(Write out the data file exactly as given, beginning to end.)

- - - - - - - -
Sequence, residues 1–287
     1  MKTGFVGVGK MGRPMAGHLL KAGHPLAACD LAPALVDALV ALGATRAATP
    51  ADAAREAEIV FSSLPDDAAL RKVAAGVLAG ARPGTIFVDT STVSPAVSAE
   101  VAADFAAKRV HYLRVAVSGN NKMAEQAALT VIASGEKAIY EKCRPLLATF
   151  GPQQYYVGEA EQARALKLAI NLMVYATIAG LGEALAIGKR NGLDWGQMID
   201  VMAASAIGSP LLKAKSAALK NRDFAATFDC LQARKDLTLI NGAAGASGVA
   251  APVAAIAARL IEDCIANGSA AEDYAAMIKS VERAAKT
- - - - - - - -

Sequence, residues 1–287
     1  MKTGFVGVGK MGRPMAGHLL KAGHPLAACD LAPALVDALV ALGATRAATP
    51  ADAAREAEIV FSSLPDDAAL RKVAAGVLAG ARPGTIFVDT STVSPAVSAE
   101  VAADFAAKRV HYLRVAVSGN NKMAEQAALT VIASGEKAIY EKCRPLLATF
   151  GPQQYYVGEA EQARALKLAI NLMVYATIAG LGEALAIGKR NGLDWGQMID
   201  VMAASAIGSP LLKAKSAALK NRDFAATFDC LQARKDLTLI NGAAGASGVA
   251  APVAAIAARL IEDCIANGSA AEDYAAMIKS VERAAKT